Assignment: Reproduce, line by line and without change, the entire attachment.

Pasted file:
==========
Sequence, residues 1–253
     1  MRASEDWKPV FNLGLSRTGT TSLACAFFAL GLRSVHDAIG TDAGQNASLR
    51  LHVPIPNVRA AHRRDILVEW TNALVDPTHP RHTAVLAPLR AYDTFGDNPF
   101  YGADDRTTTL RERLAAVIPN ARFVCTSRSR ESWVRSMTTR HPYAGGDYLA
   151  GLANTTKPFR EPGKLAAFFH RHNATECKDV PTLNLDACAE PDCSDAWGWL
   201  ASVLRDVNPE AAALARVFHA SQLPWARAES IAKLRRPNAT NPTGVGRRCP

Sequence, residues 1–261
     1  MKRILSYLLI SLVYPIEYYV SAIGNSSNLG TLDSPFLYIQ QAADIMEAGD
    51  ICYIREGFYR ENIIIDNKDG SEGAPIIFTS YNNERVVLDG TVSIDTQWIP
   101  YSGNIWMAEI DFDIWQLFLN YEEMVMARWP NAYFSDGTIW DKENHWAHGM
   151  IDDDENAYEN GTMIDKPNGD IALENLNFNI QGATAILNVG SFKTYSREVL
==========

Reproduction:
Sequence, residues 1–253
     1  MRASEDWKPV FNLGLSRTGT TSLACAFFAL GLRSVHDAIG TDAGQNASLR
    51  LHVPIPNVRA AHRRDILVEW TNALVDPTHP RHTAVLAPLR AYDTFGDNPF
   101  YGADDRTTTL RERLAAVIPN ARFVCTSRSR ESWVRSMTTR HPYAGGDYLA
   151  GLANTTKPFR EPGKLAAFFH RHNATECKDV PTLNLDACAE PDCSDAWGWL
   201  ASVLRDVNPE AAALARVFHA SQLPWARAES IAKLRRPNAT NPTGVGRRCP

Sequence, residues 1–261
     1  MKRILSYLLI SLVYPIEYYV SAIGNSSNLG TLDSPFLYIQ QAADIMEAGD
    51  ICYIREGFYR ENIIIDNKDG SEGAPIIFTS YNNERVVLDG TVSIDTQWIP
   101  YSGNIWMAEI DFDIWQLFLN YEEMVMARWP NAYFSDGTIW DKENHWAHGM
   151  IDDDENAYEN GTMIDKPNGD IALENLNFNI QGATAILNVG SFKTYSREVL